Perfect Resume career blog

6 Mind-Blowing Reasons Your Resume Should Include an Elevator Pitch

From the desk of Kent Lee, CEO of Perfect Resume.

Most people understand the importance of having an "elevator pitch" during a job search. It's basically a 15- to 30-second spoken commercial that explains to people who you are, what you do, what kind of position you’re seeking, and why you're a great fit for the position. What most people don't understand, though, is that an elevator pitch should also be part of your resume. And, if you don’t have one, you're missing out on the best opportunity to sell yourself.

1. Ditch the Objective Statement. Use an Opening Paragraph Instead.


Just to be clear, an Opening Paragraph (also called an Executive Summary) isn’t an objective statement. In fact, objective statements have been obsolete on resumes for more than 10 years. When done correctly, Opening Paragraphs work like an objective statement, a professional summary, and a sales pitch all rolled into one.

The idea of an Opening Paragraph is to quickly communicate to the reader of your resume these 5 critical points: who you are, what you do, what you want to do, your biggest strengths, and ultimately why you are a great fit for the job.

Here’s why this is so important….

2. You’ve Got 15 Seconds or Less – Make it Count!


You may have heard that you have 15 seconds or less to get a hiring manager’s attention with your resume. Starting off your resume with an elevator pitch at the top prevents hiring managers and recruiters from having to score your resume and read between the lines to figure out how you might be a fit for their job. They’ll read your opening paragraph and BAM! They’ll get it!

But speed isn't the only benefit...

3. Opening Paragraphs Prevent "Resume Confusion”.


A common complaint of recruiters, hr managers, and hiring managers, is that they don’t even understand why many candidates are applying for the job. This is especially true for people who are trying to make career changes or break into a new industry.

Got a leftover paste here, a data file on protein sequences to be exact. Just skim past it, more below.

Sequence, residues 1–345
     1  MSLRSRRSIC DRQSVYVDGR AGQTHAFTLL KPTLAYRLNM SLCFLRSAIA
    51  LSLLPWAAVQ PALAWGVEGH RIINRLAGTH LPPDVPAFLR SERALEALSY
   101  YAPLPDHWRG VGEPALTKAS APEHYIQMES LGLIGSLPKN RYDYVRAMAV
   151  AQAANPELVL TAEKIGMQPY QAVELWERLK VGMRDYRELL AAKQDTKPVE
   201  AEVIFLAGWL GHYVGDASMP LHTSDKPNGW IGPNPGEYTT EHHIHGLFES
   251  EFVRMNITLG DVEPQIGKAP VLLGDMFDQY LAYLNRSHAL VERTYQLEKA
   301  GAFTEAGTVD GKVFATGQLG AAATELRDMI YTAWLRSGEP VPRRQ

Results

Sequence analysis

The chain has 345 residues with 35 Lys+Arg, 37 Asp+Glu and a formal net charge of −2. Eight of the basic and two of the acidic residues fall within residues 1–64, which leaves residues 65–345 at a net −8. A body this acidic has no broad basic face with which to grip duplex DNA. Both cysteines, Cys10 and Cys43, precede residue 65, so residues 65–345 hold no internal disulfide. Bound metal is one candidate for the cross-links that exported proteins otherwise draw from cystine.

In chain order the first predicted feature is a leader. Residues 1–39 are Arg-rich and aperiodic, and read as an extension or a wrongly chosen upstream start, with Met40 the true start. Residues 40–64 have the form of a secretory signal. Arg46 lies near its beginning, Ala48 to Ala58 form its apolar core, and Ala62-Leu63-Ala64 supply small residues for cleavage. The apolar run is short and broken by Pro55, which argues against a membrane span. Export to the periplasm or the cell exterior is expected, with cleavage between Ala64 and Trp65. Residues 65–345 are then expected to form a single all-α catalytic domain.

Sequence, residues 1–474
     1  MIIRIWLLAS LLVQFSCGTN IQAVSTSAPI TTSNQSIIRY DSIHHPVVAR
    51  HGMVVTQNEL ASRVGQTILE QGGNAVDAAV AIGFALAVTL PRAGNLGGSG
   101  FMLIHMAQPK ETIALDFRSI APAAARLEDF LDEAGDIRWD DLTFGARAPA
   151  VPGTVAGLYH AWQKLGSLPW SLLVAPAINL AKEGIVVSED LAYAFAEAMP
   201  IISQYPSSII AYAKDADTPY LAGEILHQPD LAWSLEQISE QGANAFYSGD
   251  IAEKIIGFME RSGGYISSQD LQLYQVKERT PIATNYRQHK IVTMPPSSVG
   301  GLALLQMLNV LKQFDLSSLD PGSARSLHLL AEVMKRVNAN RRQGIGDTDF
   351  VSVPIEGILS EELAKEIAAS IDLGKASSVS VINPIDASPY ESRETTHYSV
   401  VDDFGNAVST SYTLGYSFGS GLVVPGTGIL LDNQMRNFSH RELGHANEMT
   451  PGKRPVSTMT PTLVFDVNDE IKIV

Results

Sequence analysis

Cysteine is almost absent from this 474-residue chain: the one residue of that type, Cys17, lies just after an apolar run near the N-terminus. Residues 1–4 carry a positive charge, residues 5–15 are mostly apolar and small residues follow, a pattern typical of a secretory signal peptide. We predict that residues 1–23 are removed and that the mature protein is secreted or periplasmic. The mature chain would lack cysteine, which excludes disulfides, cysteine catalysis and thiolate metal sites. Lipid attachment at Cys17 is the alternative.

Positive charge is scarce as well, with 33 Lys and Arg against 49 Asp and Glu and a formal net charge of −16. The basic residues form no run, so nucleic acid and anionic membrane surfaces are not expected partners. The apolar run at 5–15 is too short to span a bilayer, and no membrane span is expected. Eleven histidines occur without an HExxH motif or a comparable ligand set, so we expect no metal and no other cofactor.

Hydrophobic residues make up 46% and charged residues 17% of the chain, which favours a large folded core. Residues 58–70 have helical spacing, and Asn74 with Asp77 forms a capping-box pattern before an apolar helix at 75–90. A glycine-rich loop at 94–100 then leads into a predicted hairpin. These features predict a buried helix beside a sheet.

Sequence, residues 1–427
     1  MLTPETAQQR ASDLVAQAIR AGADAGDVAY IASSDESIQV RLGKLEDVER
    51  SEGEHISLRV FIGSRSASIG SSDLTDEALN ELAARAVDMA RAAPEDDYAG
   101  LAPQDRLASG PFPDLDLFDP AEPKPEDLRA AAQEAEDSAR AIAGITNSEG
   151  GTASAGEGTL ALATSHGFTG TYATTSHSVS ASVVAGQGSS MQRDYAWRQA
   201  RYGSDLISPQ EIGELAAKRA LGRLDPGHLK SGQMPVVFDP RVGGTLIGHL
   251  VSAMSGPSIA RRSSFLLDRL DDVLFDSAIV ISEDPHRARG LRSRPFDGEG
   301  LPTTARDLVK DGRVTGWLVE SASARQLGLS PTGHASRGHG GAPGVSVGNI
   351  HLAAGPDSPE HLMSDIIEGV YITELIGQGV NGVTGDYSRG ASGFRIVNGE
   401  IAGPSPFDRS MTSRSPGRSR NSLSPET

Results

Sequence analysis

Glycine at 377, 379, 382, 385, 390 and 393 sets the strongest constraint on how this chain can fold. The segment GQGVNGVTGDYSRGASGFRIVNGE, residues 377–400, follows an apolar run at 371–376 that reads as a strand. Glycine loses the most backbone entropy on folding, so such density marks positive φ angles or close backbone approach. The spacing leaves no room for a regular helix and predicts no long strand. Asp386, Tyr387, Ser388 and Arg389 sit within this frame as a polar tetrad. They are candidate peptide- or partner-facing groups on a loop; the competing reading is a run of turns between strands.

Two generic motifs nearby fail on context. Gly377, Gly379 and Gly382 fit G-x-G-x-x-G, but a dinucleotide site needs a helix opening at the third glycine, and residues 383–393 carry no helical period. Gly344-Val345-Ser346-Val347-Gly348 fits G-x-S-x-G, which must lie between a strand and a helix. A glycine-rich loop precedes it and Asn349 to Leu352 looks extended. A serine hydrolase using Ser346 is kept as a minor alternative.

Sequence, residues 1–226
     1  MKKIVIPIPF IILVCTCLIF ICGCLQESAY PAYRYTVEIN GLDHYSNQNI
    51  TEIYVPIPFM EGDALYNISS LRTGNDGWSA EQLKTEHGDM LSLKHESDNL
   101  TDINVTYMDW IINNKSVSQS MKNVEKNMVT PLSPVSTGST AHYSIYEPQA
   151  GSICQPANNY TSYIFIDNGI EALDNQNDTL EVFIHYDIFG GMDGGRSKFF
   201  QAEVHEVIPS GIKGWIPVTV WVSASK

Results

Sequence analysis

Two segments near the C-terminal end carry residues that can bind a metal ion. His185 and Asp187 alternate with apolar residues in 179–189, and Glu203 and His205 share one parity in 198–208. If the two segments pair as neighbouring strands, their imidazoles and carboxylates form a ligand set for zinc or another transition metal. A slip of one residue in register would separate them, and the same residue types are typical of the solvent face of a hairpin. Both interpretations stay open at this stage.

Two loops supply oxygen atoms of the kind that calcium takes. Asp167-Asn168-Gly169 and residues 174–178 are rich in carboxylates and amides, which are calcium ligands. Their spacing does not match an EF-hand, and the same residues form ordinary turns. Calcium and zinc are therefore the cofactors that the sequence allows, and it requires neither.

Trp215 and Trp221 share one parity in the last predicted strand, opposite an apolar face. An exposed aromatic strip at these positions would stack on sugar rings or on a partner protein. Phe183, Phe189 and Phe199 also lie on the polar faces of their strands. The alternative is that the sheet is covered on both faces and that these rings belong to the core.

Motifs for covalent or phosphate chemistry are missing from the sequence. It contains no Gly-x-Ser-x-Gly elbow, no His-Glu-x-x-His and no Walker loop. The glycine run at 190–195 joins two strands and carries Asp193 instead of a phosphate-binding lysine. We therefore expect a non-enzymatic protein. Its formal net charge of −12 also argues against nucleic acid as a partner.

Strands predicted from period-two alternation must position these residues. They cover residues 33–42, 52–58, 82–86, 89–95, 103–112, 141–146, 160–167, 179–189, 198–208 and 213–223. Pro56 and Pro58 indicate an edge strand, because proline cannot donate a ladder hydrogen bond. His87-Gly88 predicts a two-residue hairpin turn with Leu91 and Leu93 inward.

Opening Paragraphs solve this problem by clearly explaining what type of work you do, what types of jobs you’re seeking, and why you are fit for the job.

4. Don’t Bury the Lead!


Opening Paragraphs are a great way to make sure you show off your best stuff right at the top, during those crucial first seconds when people read your resume. Just as journalists are taught not to “bury the lead” (the most important story or part of a story), you don’t want to make the same mistake with your resume.

Plus, Opening Paragraphs makes it easy for the reader of your resume to find and understand all of the ways you make a great fit for their job. Without an opening paragraph, the reader of your resume will have to scan your work history to try to figure out how you may or may not be a fit for the job.

So, now that you understand the importance of an Opening Paragraph, here’s how to create one...

5. The 3,4,5 Technique for Opening Paragraphs


At Perfect Resume, we use something called the 3,4,5 Technique to create powerful Opening Paragraphs. In short, we make sure the Opening Paragraph highlights the 3 main reasons a candidate is a great fit for the job they are applying to, using 4 to 5 clear and concise sentences.

The key to creating an impactful Opening Paragraph is making sure you focus on fact-based information regarding how you meet the requirements, and avoid talking too much about soft skills.

For example, explaining that you are detail-oriented, hard-working, accountable, and ethical...all of these things are soft skills. Yes, these things are still important, but for the most part, soft skills aren’t what recruiters are looking for initially when they begin searching. Why? Because soft skills are usually determined during the interview process. And, let’s face it, when you describe yourself as an “out of box thinker” that’s basically your opinion of yourself.

Examples of fact-based information might include: How many years of experience performing business-to-business sales someone has, the largest number of people a Manager has supervised, the specific type of technology projects an IT Project Manager has experience leading, the type of software a Programmer uses, etc. etc.

6. Redundancy Helps with Keyword Optimization.


By now, you might be wondering why you need the opening paragraph if you’ve already addressed these things in your cover letter. This may be the one time in life when redundancy pays off. In fact, we recommend including the best information about yourself on both documents, your cover letter AND your resume.

It’s actually a myth that cover letters are always read first. The truth is there’s a good chance your cover letter may not be read at all. While it may seem redundant, don’t assume the hiring manager will read every item you submit word-for-word.

So, the next time you create a resume, be sure to include an Opening Paragraph, because elevator pitches aren't just for speeches!


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Kent Lee is the CEO of Perfect Resume ( and is a nationally recognized Career Expert. He has been quoted and featured as a Career Expert in multiple broadcast, print, and online publications including ABC, NBC, CBS, Fox, CW, Yahoo, Career Builder, Monster, The Arizona Republic, and more. For more articles like this, follow Kent on LinkedIn.

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